Dr Kelly is reported to have taken a telephone call at his house in Southmoor on July 16th, 2003. Immediately after he took a short walk. The following morning his body was found close to the house after he did not return home. According to Thomas, Thames Valley Police head Alan Young started a file, and the author notes: “At some point the decision had been taken to launch Operation Mason. Who gave the order would remain a secret, just as would the contents of the file that detective chief inspector Young had opened to commence the police investigation ‘into the circumstances surrounding Dr Kelly’s death’. Most remarkable was that Young had been asked to start his file an hour before Dr Kelly had set out on his walk.”
Someone ordered Young to open a file on a man who was still alive; and that someone knew he was soon to die. It comes as no surprise that this person remains anonymous, as Thomas remains frustratingly coy in the face of such damning evidence. During the Hutton enquiry the front page of the file was allowed into the public domain. The author claims the Home Office, Downing Street and MI5 have copies, but “the rest of its contents have remained locked away in the MI5 registry”.
In order to enjoy this book any reader is forced to accept the limitations of reporting on the spy services. The paper trail appears sound enough, yet crucially no source notes are listed in this history of ‘100 years of MI5 and MI6’. In fairness to Thomas, he makes the following disclaimer explaining how human contact should take precedence over following papers: “The recall of those well-placed sources was often more revealing than reading stacks of documents, sometimes marked with SECRET or TOP SECRET.”
Unfortunately for those with historical or academic leanings, any book proclaiming itself a ‘history’ must have verified sources. This is admittedly near impossible when writing about spies; interviews with former spooks and trusted sources can never bear fruit because they invariably ignore any further questioning. ‘Neither confirm nor deny’ is the slogan, as spies continue today to avoid tacitly promoting the existence of stories or claims.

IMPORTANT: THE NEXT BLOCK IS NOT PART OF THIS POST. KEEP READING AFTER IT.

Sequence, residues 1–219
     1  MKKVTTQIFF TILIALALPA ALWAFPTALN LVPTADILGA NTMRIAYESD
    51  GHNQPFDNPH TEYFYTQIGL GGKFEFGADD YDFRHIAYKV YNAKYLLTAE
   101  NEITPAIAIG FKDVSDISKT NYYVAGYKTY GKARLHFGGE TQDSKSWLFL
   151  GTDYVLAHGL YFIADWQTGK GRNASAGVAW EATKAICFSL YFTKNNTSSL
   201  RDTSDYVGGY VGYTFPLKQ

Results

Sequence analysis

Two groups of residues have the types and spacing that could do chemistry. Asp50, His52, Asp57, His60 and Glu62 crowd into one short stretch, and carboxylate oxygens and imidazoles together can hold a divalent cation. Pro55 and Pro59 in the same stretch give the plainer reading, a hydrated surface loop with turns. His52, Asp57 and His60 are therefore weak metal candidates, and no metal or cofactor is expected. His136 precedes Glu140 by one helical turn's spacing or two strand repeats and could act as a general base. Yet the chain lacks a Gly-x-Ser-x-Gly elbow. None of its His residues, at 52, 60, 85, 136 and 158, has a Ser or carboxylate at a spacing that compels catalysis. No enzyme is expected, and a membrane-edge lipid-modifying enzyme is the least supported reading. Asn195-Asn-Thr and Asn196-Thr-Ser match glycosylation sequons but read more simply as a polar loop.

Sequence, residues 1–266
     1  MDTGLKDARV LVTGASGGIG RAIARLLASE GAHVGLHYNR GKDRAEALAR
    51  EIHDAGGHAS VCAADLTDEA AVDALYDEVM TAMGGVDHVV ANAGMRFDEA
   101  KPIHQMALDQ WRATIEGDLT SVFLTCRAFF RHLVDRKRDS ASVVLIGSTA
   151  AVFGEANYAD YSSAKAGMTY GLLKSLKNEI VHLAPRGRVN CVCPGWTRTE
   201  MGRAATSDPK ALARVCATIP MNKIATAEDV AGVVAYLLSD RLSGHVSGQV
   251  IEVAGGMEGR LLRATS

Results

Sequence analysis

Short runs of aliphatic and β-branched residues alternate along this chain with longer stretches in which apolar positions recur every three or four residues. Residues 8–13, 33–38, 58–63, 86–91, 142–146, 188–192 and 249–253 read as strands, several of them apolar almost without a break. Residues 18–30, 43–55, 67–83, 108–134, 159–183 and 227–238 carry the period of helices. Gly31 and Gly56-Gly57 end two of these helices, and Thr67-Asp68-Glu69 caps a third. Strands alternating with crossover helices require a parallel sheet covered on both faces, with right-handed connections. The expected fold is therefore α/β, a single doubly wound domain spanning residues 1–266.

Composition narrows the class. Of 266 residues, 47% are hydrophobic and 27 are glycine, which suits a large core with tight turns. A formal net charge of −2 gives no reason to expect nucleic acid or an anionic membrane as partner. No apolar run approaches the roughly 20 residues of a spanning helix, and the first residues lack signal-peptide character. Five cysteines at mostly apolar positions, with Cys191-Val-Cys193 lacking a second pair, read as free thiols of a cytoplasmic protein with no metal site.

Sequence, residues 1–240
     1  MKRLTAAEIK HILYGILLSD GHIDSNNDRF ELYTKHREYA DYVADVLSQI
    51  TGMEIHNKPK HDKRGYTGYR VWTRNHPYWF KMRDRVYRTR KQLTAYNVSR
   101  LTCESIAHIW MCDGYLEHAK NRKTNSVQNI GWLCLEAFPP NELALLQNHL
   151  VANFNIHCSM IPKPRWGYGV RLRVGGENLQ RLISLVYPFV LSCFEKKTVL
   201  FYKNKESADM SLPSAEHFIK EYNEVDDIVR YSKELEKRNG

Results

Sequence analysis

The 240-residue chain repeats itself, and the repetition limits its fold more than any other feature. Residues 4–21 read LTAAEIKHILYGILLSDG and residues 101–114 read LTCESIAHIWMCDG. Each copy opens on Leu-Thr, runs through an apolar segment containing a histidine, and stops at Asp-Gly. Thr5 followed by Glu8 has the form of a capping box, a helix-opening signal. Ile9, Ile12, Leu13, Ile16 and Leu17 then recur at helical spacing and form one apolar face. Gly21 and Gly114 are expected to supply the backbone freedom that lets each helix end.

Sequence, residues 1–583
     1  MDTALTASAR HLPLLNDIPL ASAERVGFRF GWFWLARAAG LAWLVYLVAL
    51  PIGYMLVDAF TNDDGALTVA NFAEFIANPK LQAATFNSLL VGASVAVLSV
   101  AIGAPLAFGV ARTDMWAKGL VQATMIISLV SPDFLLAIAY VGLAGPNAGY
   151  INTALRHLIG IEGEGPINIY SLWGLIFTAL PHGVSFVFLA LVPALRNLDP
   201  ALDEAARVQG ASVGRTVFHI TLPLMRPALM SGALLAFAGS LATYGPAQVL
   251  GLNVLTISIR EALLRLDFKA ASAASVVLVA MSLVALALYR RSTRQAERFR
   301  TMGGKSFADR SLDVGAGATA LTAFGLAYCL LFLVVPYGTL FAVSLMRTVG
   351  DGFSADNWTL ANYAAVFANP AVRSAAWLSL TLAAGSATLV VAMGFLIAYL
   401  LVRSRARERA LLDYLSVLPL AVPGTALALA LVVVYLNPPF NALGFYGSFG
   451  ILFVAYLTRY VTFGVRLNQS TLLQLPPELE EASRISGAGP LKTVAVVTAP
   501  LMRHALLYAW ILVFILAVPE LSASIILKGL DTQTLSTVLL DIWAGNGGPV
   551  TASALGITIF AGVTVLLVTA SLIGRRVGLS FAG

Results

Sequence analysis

Domestic sources aside, the book is exciting for its direct quotations from a rich bed of foreign sources. Bearing in mind that Thomas has used them extensively in previous intelligence bestseller Gideon’s Spies, we still enjoy the thoughts of a number of former CIA and Mossad directors who underpin a pulsating narrative. The standout contributor is Marcus Wolff, the infamous chief of the former East German Stasi. And closer to home we even receive the insights of a former consulting psychiatrist to MI5 and MI6.
Broad in scope, Inside British Intelligence cleverly combines a lightness of touch (the Nigella revelations) with anecdotes that illustrate Thomas’ unrivalled understanding of the worldwide intelligence network. According to newspapers, in October MI5 will publish a carefully vetted official history by Cambridge historian Christopher Andrew. The offical MI6 book by history professor Keith Jeffrey is not due until next year, and will inexplicably end in 1949. As with celebrity biographies, it is often the unofficial ones which contain the best revelations and the most accurate all-round narrative. As it so happens, they tend to be the most enjoyable as well.